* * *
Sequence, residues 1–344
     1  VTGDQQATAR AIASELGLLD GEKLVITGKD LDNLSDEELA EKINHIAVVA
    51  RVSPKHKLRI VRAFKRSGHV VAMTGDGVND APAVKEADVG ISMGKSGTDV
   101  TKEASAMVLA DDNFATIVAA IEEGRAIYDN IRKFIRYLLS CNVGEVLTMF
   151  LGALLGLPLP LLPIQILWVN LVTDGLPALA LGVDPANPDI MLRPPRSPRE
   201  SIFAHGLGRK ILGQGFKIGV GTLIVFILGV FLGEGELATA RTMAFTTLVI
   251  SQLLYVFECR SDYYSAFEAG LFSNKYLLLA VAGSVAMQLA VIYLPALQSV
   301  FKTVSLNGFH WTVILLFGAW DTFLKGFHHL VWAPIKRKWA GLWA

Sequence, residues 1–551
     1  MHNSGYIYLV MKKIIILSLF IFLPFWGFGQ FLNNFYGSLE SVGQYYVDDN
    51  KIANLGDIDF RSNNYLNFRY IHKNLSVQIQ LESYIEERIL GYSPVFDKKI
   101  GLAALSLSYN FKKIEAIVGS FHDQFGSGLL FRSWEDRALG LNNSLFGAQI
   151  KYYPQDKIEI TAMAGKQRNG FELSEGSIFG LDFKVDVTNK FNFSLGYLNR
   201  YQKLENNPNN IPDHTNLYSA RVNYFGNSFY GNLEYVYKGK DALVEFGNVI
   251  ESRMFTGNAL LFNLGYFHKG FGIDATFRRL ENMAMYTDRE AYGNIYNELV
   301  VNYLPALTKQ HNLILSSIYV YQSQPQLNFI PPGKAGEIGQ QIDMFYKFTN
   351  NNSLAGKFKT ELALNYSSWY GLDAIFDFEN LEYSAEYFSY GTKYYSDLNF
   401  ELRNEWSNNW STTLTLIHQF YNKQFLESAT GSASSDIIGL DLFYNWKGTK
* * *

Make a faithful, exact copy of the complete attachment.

Sequence, residues 1–344
     1  VTGDQQATAR AIASELGLLD GEKLVITGKD LDNLSDEELA EKINHIAVVA
    51  RVSPKHKLRI VRAFKRSGHV VAMTGDGVND APAVKEADVG ISMGKSGTDV
   101  TKEASAMVLA DDNFATIVAA IEEGRAIYDN IRKFIRYLLS CNVGEVLTMF
   151  LGALLGLPLP LLPIQILWVN LVTDGLPALA LGVDPANPDI MLRPPRSPRE
   201  SIFAHGLGRK ILGQGFKIGV GTLIVFILGV FLGEGELATA RTMAFTTLVI
   251  SQLLYVFECR SDYYSAFEAG LFSNKYLLLA VAGSVAMQLA VIYLPALQSV
   301  FKTVSLNGFH WTVILLFGAW DTFLKGFHHL VWAPIKRKWA GLWA

Sequence, residues 1–551
     1  MHNSGYIYLV MKKIIILSLF IFLPFWGFGQ FLNNFYGSLE SVGQYYVDDN
    51  KIANLGDIDF RSNNYLNFRY IHKNLSVQIQ LESYIEERIL GYSPVFDKKI
   101  GLAALSLSYN FKKIEAIVGS FHDQFGSGLL FRSWEDRALG LNNSLFGAQI
   151  KYYPQDKIEI TAMAGKQRNG FELSEGSIFG LDFKVDVTNK FNFSLGYLNR
   201  YQKLENNPNN IPDHTNLYSA RVNYFGNSFY GNLEYVYKGK DALVEFGNVI
   251  ESRMFTGNAL LFNLGYFHKG FGIDATFRRL ENMAMYTDRE AYGNIYNELV
   301  VNYLPALTKQ HNLILSSIYV YQSQPQLNFI PPGKAGEIGQ QIDMFYKFTN
   351  NNSLAGKFKT ELALNYSSWY GLDAIFDFEN LEYSAEYFSY GTKYYSDLNF
   401  ELRNEWSNNW STTLTLIHQF YNKQFLESAT GSASSDIIGL DLFYNWKGTK